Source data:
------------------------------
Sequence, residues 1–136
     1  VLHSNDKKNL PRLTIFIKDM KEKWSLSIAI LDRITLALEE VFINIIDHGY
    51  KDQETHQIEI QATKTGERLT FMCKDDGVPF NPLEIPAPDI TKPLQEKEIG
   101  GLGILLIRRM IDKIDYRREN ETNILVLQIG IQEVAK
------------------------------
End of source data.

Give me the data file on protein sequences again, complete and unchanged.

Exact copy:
Sequence, residues 1–136
     1  VLHSNDKKNL PRLTIFIKDM KEKWSLSIAI LDRITLALEE VFINIIDHGY
    51  KDQETHQIEI QATKTGERLT FMCKDDGVPF NPLEIPAPDI TKPLQEKEIG
   101  GLGILLIRRM IDKIDYRREN ETNILVLQIG IQEVAK